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Best Hikes On Oahu: The Kaena Point Trail (Southern Trailhead)

Basic Information

  • Name: Kaena Point Trail (Southern Trailhead)
  • Where: Yokohama Beach, Oahu, Hawaii
  • Distance: 5.0 miles
  • Time: 3-4 hours
  • Difficulty: Easy
  • More Information: Oahu Trails

Picture from Kaena Point, Oahu

Topographic Map

Kaena Point Maps

Google Earth Map

Kaena Point Maps

Narrative

On a recent weekend I took my two kids aged six and three on a hike out to Kaena Point located on the Hawaiian island of Oahu to hopefully spot endangered Hawaiian monk seals.  I head previously hiked out to Kaena Point via the Mokule’ia Trailhead on Oahu’s North Shore.

This time I decided to hike out to Kaena Point via the southern trailhead located adjacent to Yokohama Beach in western Oahu:

The trailhead is accessed by simply driving to the end of the Farrington Highway (Highway 93) and finding a place to park in the lot where the road ends:

Picture from Kaena Point, Oahu

From the parking lot a rough dirt road continues north to Kaena Point:

Picture from Kaena Point, Oahu

The trailhead is marked by this state park sign that lists the various regulations that govern Kaena Point, most notably no pets are allowed in the park:

Picture from Kaena Point, Oahu

From the trailhead the rough dirt road hugs the coastline with almost no shade the entire way:

Picture from Kaena Point, Oahu

With the lack of shade that means this hike is very hot which is why I recommend bringing plenty of water because you will need it on this hike.  The coastline along the trail is rugged and features large waves crashing on the rocks:

Picture from Kaena Point, Oahu

Near the start of the trail there is a sign warning hikers to be careful of the waves:

Picture from Kaena Point, Oahu

The view though looking back down the Waianae Coast from the trail is really outstanding:

Picture from Kaena Point, Oahu

Here is a picture of kids enjoying the views along the coastline:

Picture from Kaena Point, Oahu

Above the trail there are steep imposing cliffs that are quite scenic to see:

Picture from Kaena Point, Oahu

Because of the lack of rainfall at Kaena Point, these cliffs look like they belong in a desert in the American Southwest instead of in Hawaii:

Picture from Kaena Point, Oahu

On the top of the cliffs the Kaena Point Satellite Tracking Station eventually came into view:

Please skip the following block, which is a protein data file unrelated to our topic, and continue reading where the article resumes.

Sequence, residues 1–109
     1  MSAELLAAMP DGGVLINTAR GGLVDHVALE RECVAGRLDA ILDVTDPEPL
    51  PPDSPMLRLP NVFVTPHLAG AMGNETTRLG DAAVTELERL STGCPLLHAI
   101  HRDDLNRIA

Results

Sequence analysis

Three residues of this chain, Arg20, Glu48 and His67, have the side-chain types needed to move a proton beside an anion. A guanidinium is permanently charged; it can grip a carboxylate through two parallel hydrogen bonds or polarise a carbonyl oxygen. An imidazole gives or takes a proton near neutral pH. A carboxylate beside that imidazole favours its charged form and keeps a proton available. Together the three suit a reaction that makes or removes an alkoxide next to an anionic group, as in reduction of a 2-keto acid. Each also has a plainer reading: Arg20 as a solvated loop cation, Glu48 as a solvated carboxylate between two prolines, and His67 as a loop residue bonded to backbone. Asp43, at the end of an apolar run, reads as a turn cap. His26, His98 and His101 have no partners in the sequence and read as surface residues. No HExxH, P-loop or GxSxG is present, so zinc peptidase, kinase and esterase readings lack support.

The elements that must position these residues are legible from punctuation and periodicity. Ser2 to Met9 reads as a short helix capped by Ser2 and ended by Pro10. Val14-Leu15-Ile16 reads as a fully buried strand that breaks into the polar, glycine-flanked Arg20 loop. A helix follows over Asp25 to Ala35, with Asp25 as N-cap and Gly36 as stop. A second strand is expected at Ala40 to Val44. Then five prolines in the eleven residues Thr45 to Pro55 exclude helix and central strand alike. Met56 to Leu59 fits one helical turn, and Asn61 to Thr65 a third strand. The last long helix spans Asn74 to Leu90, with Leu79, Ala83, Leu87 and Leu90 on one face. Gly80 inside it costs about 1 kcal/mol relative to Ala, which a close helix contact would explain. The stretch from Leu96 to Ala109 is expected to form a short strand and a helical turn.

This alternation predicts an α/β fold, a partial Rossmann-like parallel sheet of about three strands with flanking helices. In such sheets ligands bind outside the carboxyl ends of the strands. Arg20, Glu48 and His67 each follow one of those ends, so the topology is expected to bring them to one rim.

Picture from Kaena Point, Oahu

The station was built all the way back in 1959 to track early reconnaissance satellites that were part of the CORONA program.  Back in the early days of satellite reconnaissance actual film was used by the satellite to take intelligence pictures.  This meant the film had to be jettisoned back down to the Earth and retrieved.  The Kaena Point Satellite Tracking Station would help Air Force planes triangulate where the film would land over the ocean after being jettisoned from the satellite and descend via parachute after reentry.  The Air Force plane then had a hook that would grab the parachute off the coast of Oahu in mid-air.  This whole operations was pretty amazing when you think about it.  With the advancements in radio and digital technology the actual recovery of film is no longer needed.  Today the tracking station is used to send data to command and control Department of Defense satellites.

Up on the cliffs I was able to see high-tech technology at work while below my feet I was able to see reminders of past technology.  The old dirt road is actually not a dirt road, but instead the remains of the rail bed for the Oahu Railway and Land Company.  On certain sections of the trail the old railway ties from this railroad can still be seen:

Picture from Kaena Point, Oahu

The railway was built in 1889 by businessman Benjamin Dillingham.  The OR&L once extended from downtown Honolulu all the way around Kaena Point to Oahu’s North Shore.  Dillingham’s railroad provided a critical mass transportation option for residents and for the various farms and business that used the train to transport goods.  The railway even proved critical during the defense of the island during World War II.  The railway became the main means of transporting military personnel to various installations around the island.  The advancement of the automobile made the railway obsolete and no longer profitable.  Railway operations around Kaena Point ended in 1947 leaving the dirt road seen today:

Picture from Kaena Point, Oahu

As we continued down the trail was passed by this large and impressive rock arch:

Picture from Kaena Point, Oahu

Passed the arch we also could hear the sounds of a loud blowhole in the rock.  I told my kids it was the sound of a sea monster which got them moving up the trail very quickly!  Towards the end of the trail our pace though had to slow down as we had to cross an eroded section of the trail:

Picture from Kaena Point, Oahu

Shortly after this section what appears to have been a trestle section of the old railway comes into view:

Picture from Kaena Point, Oahu

Since the trestle is long gone the trail hugs a slippery rock slide area of the cliff.  I made sure I held on to the hand of my three-year old on this section to get across it.  Both he and my six-year old crossed this section with out incident.  After crossing the rock slide area we approached the tip of Kaena Point State Park: